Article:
Monero’s stratospheric rise in value, darknet market acceptance and positive outlook mean this year could see it become Bitcoin’s de facto ‘appcoin.’
Bitcoin and ‘Giving Away Information’
The altcoin, which has shot from $0.50 to $12 per coin since January 2016, boasts privacy and anonymity features, which are gaining a steady stream of well-known fans.
“If I pay my rent in Bitcoin, it wouldn’t be that hard for the landlord to figure out how much money I earned if I don’t take extra precautions,” cryptocurrency consultant Peter Todd told Wired.
Then they can decide whose rent to increase. You’re giving away information [with Bitcoin] you don’t want to make public.
At the same time as Monero debuts on exchanges, Bitcoin trading businesses are facing increasingly tough regulatory pressures across the board, notably in China.
Users and traders looking to actively utilize cryptocurrency in the classic no-ties style could potentially tap into Monero’s inherent anonymizing “stealth address” and “ring signatures” features. As an ‘appcoin,’ Monero would function via conversion from Bitcoin and back again using online services like ShapeShift, for example, which has removed a barrier to entry (and exit) for cryptocurrency users.
A new GUI wallet announcement by the Monero team in December even suggested the altcoin could cause Chinese investors to abandon Bitcoin en masse.
“China’s population will skyrocket the price of Monero. This could cause the next round of cryptonaires,” a press release stated.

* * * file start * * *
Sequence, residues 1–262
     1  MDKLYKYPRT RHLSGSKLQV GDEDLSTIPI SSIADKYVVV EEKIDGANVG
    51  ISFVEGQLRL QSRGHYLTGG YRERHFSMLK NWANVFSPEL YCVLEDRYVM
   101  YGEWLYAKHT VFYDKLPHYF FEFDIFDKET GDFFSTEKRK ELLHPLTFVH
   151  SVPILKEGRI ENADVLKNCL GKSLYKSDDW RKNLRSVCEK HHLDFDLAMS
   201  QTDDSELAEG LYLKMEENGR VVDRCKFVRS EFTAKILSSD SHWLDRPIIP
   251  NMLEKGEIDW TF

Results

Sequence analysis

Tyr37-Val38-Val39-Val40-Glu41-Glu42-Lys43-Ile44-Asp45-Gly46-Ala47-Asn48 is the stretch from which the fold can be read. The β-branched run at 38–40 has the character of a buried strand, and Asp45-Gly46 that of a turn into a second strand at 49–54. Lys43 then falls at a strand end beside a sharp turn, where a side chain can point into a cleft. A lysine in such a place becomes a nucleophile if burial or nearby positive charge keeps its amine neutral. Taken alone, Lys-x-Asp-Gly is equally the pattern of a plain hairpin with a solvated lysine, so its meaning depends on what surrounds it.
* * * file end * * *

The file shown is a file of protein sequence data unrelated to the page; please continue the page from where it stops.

‘Good Enough For Drug Dealers – Good Enough For Everyone’
Since then, Bitcoin trading volumes in China have decreased by 90% as exchanges introduce fees as part of an ongoing regulatory reshuffle. While this has done little to affect its price, Monero meanwhile continues to offer considerable appeal.
“That uptick among people who really need to be private is interesting,” lead developer Riccardo Spagni commented to Wired about the coin’s recent price surge. “If it’s good enough for a drug dealer, it’s good enough for everyone else.”
With the myth of Bitcoin’s (full) anonymity already long gone, various options have sprung up in order to make transactions less traceable. Of these, so-called “tumblers” or “mixers,” which scramble address information, are the focus of regulatory recommendations from Interpol this week.
Europol head of financial intelligence Simon Riondet said that these mechanisms are a “powerful new tool” for criminal activity, specifically terrorists looking to finance illicit operations despite some contradicting reports.
Nonetheless, the cryptocurrency community is not entirely sold on Monero’s virtues as a form of Bitcoin replacement. While journalist Kyle Torpey responded to the Wired article, noting that Todd is using Monero as an ‘appcoin,’ Bitcoin as a store of value was still better.
@BaldJackass @petertoddbtc @WIRED bitcoin better for storing value.
— Kyle Torpey (@kyletorpey) January 25, 2017
Further, it may take more than a casual swap on ShapeShift to guarantee the anonymity required by some.
“I wouldn’t trust shapeshift.io that way. Instead, use shapeshift to go to Darkcoin/Dash, darkmix, then use a different exchange to go from Darkcoin/Dash to Bitcoin,” one Reddit user said on the issue.
Could Bitcoin users tap Monero’s features to enhance their privacy? Let us know in the comments below!
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